Roger pouts and protests at an imagined grievance. But he's the one who is downplaying the impact of climate change on the USA.
Here's the link again to John Holdren's article at Peter Sinclair's website.
I've found out there are a few other places covering this small episode, which is hopefully not prefacing the climate wars, including Greg Laden's blog and SkepticalScience. Sou.
And now Eli at Rabbett Run, who provides a transcript of Senator Sheldon's
And now Joe Romm at ClimateProgress (with thanks, Joe.) Odd that while HotWhopper was worthy of a special mention, ClimateProgress refuses to let me comment. I blame Facebook :(
From WUWT - A skilful butt-covering "counterstrike"???
Anthony Watts reckons that Roger Pielke Jr responded "with a skillfull counterstrike" (sic).
So what was the "skillfull counterstrike"?
What it boiled down to is that Roger squeaked that he did include a statement (albeit in a footnote), that in regard to drought in the USA: "The main exception is the Southwest and parts of the interior of the West, where increased temperature has led to rising drought trends."
Some skill. Some counterstrike. Roger is saying that John Holdren is correct, not incorrect. Roger is trying to cover his butt.
As for what the crowd at WUWT are saying in the comments. Almost all of the commenters missed the point that whereas John Holdren was pointing out deficiencies in Roger's testimony, Roger's "skillfull counterstrike" is that he agrees with John Holdren about global warming and drought. Roger admits that the science points to increased temperature leading to rising drought trends in parts of the USA. Global warming is pointed to as the culprit!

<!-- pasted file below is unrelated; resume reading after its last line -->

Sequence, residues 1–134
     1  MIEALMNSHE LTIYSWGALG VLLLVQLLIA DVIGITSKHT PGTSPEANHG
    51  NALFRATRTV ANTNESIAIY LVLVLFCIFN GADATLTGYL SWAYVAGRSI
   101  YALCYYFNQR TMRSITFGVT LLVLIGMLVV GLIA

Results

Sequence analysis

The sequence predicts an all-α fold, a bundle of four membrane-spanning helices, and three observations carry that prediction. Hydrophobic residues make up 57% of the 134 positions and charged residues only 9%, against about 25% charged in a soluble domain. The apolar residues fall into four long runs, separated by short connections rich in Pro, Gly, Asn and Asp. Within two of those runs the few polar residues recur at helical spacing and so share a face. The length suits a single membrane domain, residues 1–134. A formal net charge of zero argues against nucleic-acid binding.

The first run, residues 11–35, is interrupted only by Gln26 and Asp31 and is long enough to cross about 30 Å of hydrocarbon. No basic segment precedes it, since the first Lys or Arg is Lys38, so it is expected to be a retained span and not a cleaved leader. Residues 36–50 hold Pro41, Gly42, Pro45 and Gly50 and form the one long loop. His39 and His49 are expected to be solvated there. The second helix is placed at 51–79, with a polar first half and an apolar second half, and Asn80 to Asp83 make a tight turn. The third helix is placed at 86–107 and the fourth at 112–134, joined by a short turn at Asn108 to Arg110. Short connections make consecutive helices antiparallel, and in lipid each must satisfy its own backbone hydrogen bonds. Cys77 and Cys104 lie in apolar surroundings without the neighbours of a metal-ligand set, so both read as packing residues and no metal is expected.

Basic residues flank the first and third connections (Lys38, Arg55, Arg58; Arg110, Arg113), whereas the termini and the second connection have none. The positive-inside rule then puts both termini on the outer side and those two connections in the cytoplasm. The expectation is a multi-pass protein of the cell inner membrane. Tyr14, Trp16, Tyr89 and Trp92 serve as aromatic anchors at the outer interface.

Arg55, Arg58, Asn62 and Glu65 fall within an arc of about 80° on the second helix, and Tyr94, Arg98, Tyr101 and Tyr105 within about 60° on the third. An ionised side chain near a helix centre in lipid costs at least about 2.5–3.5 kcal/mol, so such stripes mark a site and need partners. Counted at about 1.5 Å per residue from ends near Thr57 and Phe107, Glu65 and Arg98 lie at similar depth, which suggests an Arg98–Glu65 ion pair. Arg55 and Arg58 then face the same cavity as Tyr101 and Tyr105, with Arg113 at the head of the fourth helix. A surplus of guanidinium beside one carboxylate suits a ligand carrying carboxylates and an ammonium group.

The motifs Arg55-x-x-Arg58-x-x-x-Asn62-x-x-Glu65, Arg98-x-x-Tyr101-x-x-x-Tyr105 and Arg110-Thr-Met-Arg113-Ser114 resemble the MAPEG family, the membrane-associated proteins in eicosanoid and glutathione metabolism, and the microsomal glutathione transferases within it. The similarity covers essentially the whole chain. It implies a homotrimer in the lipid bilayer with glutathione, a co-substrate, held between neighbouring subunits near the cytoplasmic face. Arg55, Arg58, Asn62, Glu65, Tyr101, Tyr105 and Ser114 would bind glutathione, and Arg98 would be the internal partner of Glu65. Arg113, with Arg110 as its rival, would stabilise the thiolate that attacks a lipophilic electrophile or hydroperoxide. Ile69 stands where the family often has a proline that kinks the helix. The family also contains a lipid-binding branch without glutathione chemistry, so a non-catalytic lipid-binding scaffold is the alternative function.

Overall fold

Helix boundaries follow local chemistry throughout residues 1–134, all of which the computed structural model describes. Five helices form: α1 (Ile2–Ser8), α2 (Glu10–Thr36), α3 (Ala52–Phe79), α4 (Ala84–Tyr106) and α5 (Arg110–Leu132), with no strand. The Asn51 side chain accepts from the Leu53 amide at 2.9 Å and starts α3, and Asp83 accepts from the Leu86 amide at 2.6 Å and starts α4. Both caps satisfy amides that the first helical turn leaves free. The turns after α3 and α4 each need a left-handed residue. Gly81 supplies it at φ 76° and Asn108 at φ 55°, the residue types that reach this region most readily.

Some of the WUWT-ers don't have a clue who Roger Pielke Jr is, for example:
rob m. says:
March 1, 2014 at 11:44 am
” the previous July by Dr. Roger Pielke, Jr., a University of Colorado political scientist.”
March 1, 2014 at 12:04 pmPerhaps because Roger Pielke Jr is a political scientist from the University of Colorado?
Why is Holdren calling Roger Pielke Jr, “a University of Colorado political scientist”?
March 1, 2014 at 11:16 amjohn says:
Holdren is part of the Ehrlich/Schneider school of science that is
1- proven to be wrong
2-over many decades
3- is willing to make the message achieve the societal goal, even at the risk of misrepresenting the science
Holdren is holding true to form.
March 1, 2014 at 11:20 am
It appears typical of this administration to employ individuals who care less about the truth and more about the party line.